by Paul McDill
February 11, 2019
Do nothing from selfish ambition or conceit, but in humility count others more significant than yourselves. Let each of you look not only to his own interests, but also to the interests of others. Have this mind among yourselves, which is yours in Christ Jesus, who, though he was in the form of God, did not count equality with God a thing to be grasped, but emptied himself, by taking the form of a servant, being born in the likeness of men.
— Philippians 3:3–7
Humility is the secret sauce for great relationships. The apostle Paul commands us in his letter to the church at Philippi to take on the humility that we see exhibited so well in the life of Christ.
When it comes to seeing conflict resolved in our marriages, I can’t think of anything that will make more of a difference than this one little admonition:
… but in humility count others more significant than yourselves.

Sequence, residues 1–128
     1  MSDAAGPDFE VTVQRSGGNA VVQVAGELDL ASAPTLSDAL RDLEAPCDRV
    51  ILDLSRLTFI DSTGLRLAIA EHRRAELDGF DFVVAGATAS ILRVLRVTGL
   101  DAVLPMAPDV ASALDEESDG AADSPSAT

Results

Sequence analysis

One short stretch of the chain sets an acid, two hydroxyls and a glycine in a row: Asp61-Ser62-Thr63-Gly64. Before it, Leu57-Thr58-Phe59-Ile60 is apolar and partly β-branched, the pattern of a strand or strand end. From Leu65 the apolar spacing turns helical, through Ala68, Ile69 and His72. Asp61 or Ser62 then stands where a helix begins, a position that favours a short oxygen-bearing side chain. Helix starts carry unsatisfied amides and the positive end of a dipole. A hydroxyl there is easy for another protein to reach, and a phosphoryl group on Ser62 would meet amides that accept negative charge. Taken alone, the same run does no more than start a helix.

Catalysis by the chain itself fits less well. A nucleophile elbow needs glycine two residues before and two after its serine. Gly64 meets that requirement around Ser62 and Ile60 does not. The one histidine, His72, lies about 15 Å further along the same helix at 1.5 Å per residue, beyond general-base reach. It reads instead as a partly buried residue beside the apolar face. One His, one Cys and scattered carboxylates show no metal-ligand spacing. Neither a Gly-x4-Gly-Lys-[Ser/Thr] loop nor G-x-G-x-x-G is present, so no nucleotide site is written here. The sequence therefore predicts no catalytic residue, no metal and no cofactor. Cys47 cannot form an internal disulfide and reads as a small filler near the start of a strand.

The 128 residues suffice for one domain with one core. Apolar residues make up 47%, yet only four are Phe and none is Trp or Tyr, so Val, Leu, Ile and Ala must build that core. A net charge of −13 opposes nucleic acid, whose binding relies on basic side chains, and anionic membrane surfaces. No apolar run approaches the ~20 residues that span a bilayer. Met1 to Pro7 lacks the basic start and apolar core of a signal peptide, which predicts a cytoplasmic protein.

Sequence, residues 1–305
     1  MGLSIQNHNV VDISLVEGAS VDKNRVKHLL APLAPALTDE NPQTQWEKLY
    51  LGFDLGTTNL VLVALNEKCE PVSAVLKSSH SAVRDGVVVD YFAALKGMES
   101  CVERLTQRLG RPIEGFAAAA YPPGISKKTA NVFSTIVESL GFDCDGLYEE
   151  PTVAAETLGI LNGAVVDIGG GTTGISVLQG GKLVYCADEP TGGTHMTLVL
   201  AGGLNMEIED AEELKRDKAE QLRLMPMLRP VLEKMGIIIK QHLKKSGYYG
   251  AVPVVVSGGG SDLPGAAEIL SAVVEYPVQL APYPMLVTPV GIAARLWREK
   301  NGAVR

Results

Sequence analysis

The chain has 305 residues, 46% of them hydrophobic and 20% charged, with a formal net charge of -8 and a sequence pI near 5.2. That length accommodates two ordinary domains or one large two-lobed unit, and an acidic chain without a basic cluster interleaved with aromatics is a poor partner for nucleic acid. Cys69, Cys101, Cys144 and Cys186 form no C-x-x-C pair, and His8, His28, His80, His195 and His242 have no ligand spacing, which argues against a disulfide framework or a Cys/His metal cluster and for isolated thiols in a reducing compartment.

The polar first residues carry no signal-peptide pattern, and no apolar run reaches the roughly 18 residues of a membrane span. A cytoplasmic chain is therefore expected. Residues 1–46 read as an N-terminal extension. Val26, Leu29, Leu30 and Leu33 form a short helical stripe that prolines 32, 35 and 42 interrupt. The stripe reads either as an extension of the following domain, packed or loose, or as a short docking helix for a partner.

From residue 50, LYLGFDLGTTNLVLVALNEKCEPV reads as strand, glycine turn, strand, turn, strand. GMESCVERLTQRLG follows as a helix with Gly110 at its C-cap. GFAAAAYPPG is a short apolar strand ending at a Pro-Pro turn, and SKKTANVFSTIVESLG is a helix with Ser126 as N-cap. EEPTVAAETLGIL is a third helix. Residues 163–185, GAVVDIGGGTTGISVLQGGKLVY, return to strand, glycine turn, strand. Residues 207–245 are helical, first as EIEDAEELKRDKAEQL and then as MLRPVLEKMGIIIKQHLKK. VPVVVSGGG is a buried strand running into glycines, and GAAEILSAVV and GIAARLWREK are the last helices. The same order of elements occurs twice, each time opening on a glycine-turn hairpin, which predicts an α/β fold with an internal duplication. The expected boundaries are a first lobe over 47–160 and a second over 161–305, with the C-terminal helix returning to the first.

— Philippians 3:3
We are commanded to count others as more significant than ourselves. If you think about this verse, it really helps to simplify things. If you could, imagine the most important person you know of coming to your house for a visit. It could be a celebrity, a great athlete, a President, or just someone else that you are convinced is a person of great esteem. When that person showed up, how would you treat him or her? My guess is that you would do a lot of deferring. You would give up your favorite seat. You would allow them to get their food first. You would get up and get them a drink if they needed it. And if there was a disagreement, you would probably just let it slide. All of this would occur because you view them as more significant than yourself.
This one simple commandment would resolve 94.6% of all conflict in marriage. (OK, I made that number up, but 82% of all statistics are made up anyway.) But seriously, what if in our marriages we started viewing the other person as more significant than ourselves and looking out for their interests? It would be great and would honor Jesus if more of our disagreements were about wanting the other person to get their way. Not only would it honor Jesus, though — our marriages would be better, and we would be happier. And that, as Michael Scott from The Office (a show that I do not endorse) would say, is a “win-win-win”.
So let’s follow the example of our Savior and exercise some humility in all our relationships, but especially in our marriages!
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